A day in the lakes
For the past few weeks, I've had this thought lurking at the back of my head, telling me I better get down to Loch Lomond for some open water training. But it's just been so cold and so rainy. And, honestly, I'd just rather be riding my bike. So I've ignored the open water training and was feeling more than a little bit nervous in the run up to 'A Day in the Lakes' tri. Memories of my last half-ironman distance tri were reminding me just how horrific the swim can be. At 4am, lying in my tent and listening to the wind howling, I was pretty confident I was in for another nasty one.
Morning, and despite the dark clouds and wind, I'm dancing a little jig round the carpark. They've shortened the swim - it's too choppy!! Sent Neil a text telling him that, although it was going to be a filthy swim, at least it would only be 15min of misery rather than 40. Ha! I wish. Turns out I was in the water for 28minutes. I couldn't see any of the marker buoys for the giant waves but every now and then I'd spot another orange cap bobbing around and would try to follow them. I spotted at least two people getting rescued by kayaks and Kay actually had one of the safety boats come up and tell her she was swimming entirely the wrong direction. Even people who looked like fantastic swimmers were getting disorientated and resorting to breast stroke so they could at least see where they were going. Eventually, I stumbled out the water, happy to still be alive and get to the real part of triathlon.
I'd been feeling quite sick during the night. Told myself it was probably pre-race nerves, even though I've never felt sick like that before any race. I could probably have done with paying more attention to that. A choppy sea-sickness inducing swim didn't help but I was aware I hadn't had much breakfast and needed to eat. I managed a mouthful of cereal bar but even that felt like too much. I decided to leave eating til later in the race but even drinking proved difficult over the next few hours. Minus the stomach pains, I was feeling strong going up the Kirkstone pass. Almost 10 people overtook me at the start of the climb but I'd passed them all by the end, just where it gets steepest. I think the gearing on my bike helps and just the fact that I'm willing to be patient and keep on working til the end. The descent was great but a little bit scary on one of the corners where the road surface was damaged and my wheels skidded. Luckily I managed to stay on the bike, it could have all gone horribly wrong.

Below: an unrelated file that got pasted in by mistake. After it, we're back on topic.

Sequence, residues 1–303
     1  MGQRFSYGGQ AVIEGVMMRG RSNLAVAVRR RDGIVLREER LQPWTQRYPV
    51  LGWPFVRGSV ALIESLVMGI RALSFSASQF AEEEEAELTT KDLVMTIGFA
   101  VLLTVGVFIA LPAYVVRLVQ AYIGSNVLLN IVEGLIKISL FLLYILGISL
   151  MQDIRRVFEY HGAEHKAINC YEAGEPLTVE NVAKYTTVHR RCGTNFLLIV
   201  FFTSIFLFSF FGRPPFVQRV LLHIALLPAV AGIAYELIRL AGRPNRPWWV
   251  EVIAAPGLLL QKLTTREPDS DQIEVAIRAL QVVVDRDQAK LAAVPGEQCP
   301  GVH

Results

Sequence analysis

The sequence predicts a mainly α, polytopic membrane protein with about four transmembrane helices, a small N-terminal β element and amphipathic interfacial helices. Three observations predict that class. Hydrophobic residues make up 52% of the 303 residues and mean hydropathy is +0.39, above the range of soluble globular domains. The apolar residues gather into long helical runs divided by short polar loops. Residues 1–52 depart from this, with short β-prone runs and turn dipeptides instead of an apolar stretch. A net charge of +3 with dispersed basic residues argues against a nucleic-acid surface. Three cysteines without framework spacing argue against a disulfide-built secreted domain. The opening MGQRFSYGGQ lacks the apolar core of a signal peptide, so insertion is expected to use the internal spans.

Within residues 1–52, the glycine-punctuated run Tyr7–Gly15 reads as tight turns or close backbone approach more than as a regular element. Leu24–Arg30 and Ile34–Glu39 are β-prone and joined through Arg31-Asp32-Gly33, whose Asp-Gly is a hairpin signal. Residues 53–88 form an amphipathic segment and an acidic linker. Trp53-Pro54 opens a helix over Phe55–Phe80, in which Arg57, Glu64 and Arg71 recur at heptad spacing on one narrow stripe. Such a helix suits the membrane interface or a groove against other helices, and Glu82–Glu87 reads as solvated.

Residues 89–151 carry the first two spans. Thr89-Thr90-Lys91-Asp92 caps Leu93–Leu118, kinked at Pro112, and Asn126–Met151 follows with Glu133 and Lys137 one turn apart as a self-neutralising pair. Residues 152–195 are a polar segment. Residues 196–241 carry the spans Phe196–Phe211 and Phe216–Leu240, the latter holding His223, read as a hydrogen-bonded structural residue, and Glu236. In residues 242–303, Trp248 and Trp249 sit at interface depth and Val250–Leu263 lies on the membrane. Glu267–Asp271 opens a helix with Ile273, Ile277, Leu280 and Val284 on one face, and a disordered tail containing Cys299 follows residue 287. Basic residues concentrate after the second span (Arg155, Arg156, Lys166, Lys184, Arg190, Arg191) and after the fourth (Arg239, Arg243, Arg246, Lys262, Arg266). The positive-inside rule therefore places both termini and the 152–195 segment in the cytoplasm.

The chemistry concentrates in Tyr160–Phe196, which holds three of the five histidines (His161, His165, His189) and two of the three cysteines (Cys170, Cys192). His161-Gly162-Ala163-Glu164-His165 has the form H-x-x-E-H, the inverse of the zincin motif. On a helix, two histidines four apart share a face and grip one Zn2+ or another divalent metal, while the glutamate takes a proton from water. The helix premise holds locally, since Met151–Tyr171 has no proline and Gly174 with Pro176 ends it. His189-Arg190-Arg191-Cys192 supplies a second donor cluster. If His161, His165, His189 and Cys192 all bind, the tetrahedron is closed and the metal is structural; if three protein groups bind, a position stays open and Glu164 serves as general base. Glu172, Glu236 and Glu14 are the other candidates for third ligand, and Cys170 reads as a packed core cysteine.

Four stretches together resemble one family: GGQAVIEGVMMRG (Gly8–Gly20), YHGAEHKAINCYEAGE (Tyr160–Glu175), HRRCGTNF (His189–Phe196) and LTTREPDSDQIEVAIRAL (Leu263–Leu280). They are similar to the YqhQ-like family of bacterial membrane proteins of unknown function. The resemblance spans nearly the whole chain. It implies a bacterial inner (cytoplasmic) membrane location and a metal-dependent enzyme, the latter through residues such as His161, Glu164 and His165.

Further on in the course, I was feeling pleased I'd managed to eat some jellybeans but noticed my knee was starting to hurt. I'd been aware of slight knee issues over the past few weeks and had been trying to stretch and rest as much as possible. I'd also had the seatpost off my bike so I'm not sure whether it was slightly at the wrong height. Either way, by the last hour of the bike ride, both stomach and knee were causing me so much pain I had decided not to do the run. Just get through the bike then let myself recover.
It's really rare for me to give up during a race. I'm not saying I'm really tough but, in the same way as I don't get vertigo because it never occurs to me to look down, I don't give up because it never occurs to me that it's an option. Coming into transition after the bike, the cheers from the spectators carried me onwards and I somehow found myself swapping cycling shoes for trainers, stuffing more jellybeans in my back pocket and setting out on the run. Along the road and up the hill, more people, more cheering.
Then suddenly I stopped, stood still and thought. I could do the race, I could drag my sick, dehydrated body round a brutal 2.5hr fell run and risk damaging my knee for the next few months. And get sunburnt and sicker. And who would benefit from that? I've done other races. What is the reason I race for anyway? I'm not sure I really know. Suddenly it was all much simpler and happier. I turned around, walked back to transition and watched the leading runners come in. I had a massage then watched some more as people finished their own journeys, some of them eeking out a sprint finish, others being supported by friends and family over the line. I still don't really know why I race but I think it's something to do with that shared experience. So, even without finishing, it was still a lovely race to finish with.
And, given how sick I was when I got home, I'm guessing my pre-race nerves were something closer to food poisoning. Doing the run could probably have landed me in hospital on a drip. So lets be glad I managed to be sensible for once!!